The Eff Test is a qualification that involves specialist training to understand and measure advertising and marketing effectiveness followed by an examination to test the knowledge and skills obtained. Designed by expert advertising professionals, the certificate is granted by the Institute of Practitioners in Advertising (IPA) incorporated by the Royal Charter. I passed the exam, which awarded me with a completion certificate and a qualification for measuring advertising effectiveness.
Achieving the qualification is evidence that I have the knowledge and skills to:
Read more information about The Eff Test Certificate here.
With my recent work on the EMMA project and starting my PhD, there is a lot of new research to talk about! And Summer 2020 is going to be the time to gain some crucial feedback on my work so far. This Summer, I will be presenting at several international conferences in Bulgaria, Norway, and Spain, and in the UK. I will also be returning to assist in the running of the 3rd Statistics for Linguists Summer School at the University of Birmingham.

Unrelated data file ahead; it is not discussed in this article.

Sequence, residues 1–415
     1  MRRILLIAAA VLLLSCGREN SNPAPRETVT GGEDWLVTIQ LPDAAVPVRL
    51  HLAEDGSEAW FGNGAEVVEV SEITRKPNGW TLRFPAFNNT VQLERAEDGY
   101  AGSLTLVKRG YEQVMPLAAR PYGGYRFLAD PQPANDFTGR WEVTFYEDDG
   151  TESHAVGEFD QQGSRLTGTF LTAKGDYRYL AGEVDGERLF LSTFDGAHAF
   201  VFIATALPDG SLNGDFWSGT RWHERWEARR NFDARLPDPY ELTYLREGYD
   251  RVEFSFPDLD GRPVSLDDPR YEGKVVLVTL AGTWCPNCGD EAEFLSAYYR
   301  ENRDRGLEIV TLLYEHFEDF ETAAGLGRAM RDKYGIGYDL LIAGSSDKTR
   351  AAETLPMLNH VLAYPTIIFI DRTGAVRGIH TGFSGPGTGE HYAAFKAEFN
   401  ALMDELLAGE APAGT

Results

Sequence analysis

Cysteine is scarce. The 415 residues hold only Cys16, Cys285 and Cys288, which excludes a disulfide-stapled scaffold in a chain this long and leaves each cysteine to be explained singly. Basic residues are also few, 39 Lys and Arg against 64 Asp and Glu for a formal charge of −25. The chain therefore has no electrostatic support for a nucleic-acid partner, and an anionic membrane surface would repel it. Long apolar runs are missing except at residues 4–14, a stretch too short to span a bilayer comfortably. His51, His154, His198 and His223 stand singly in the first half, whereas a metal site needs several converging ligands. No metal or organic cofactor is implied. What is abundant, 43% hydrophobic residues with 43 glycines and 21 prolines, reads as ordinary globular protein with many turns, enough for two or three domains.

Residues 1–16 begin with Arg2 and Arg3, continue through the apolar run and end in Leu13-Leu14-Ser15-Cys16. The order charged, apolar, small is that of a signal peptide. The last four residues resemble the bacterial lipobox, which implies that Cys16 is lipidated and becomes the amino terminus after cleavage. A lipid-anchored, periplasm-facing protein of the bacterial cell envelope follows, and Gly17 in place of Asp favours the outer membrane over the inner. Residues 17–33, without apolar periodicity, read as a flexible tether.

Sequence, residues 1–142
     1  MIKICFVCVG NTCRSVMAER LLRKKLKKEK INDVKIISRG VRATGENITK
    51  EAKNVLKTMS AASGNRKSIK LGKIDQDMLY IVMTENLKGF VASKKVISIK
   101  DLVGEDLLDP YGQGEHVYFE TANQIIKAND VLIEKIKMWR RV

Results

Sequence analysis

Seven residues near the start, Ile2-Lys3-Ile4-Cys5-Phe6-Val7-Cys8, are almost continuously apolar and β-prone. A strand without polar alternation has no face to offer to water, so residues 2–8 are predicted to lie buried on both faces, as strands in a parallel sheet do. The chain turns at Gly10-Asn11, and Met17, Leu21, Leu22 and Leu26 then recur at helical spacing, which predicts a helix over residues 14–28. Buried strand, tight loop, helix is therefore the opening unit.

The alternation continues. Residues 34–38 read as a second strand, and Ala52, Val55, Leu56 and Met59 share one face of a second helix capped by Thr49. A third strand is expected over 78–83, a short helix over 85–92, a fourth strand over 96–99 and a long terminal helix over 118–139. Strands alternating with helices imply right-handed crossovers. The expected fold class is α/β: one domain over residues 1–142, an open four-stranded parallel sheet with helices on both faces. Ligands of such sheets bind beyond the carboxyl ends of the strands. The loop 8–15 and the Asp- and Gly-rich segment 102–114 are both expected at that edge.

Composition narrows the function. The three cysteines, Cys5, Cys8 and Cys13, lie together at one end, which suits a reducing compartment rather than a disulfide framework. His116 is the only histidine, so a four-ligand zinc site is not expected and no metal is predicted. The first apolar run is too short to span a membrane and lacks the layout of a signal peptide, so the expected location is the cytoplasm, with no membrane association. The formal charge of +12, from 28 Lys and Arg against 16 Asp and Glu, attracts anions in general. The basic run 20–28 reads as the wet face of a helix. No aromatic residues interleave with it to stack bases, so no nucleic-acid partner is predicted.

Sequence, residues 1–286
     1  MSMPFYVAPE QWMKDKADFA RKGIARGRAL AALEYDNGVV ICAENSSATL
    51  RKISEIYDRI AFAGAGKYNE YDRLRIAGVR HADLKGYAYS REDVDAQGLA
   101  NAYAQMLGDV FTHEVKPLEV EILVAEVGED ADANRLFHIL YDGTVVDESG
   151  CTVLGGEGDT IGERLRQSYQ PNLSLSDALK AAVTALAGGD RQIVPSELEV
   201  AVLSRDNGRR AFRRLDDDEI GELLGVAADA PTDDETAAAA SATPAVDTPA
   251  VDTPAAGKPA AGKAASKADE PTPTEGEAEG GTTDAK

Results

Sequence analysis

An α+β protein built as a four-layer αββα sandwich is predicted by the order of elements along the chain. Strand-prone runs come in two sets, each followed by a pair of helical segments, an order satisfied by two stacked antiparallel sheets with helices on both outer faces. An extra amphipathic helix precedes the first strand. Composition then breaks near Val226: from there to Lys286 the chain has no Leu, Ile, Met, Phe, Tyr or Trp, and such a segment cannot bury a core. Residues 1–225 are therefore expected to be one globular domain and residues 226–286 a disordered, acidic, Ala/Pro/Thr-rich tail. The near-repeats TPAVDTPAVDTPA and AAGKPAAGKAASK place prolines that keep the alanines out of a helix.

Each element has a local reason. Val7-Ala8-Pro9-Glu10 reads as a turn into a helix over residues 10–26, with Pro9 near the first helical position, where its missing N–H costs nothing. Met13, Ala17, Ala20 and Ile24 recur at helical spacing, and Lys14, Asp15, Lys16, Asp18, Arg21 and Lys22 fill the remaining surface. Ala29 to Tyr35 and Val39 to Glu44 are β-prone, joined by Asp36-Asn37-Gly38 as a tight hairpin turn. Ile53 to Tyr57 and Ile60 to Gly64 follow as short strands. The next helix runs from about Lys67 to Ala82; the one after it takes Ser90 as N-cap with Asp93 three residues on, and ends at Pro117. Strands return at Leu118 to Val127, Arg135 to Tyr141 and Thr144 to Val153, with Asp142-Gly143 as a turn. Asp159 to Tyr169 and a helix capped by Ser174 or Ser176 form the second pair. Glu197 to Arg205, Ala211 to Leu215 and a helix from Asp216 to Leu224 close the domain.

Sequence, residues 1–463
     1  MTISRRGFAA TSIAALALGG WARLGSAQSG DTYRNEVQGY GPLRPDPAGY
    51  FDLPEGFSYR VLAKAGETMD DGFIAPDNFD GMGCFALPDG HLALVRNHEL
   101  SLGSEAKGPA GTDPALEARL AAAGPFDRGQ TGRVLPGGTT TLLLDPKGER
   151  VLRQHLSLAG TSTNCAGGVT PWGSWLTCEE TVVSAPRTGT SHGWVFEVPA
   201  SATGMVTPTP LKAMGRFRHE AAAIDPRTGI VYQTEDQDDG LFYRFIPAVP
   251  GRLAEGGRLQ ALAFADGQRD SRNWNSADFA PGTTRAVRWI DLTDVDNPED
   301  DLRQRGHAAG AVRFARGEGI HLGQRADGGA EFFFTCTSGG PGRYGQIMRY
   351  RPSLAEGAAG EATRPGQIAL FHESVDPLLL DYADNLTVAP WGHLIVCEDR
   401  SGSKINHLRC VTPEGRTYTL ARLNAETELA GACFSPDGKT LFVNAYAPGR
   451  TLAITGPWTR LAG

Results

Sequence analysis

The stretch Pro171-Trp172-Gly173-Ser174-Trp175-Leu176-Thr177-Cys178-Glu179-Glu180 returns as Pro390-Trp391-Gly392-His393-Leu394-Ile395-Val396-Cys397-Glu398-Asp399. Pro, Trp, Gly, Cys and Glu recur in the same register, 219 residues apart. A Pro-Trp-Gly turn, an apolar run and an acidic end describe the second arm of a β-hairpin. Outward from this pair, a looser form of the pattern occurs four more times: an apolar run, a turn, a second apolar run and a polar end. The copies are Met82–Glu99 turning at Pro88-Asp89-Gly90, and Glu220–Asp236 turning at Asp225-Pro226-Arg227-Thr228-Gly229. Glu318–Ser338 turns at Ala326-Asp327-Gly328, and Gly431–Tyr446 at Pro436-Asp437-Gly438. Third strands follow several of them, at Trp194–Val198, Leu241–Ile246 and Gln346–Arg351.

from text to sound to imagery to movement. It can also involve the consumer in very different ways than what it used to (think back to when we would have to read advertising).
Advertisers are becoming increasingly aware that their audience are critical of their craft. In recent years, advertising has shifted from selling a product to selling an experience. It is moving toward, or has already reached, integrating advertising a product, service, or experience with a story or activity that involves the consumers themselves. Research has shown that figurative language including metaphor and metonymy is frequently used in print advertising (Forceville, 1996; Perez-Sobrino, 2017; Littlemore and Perez-Sobrino, 2017).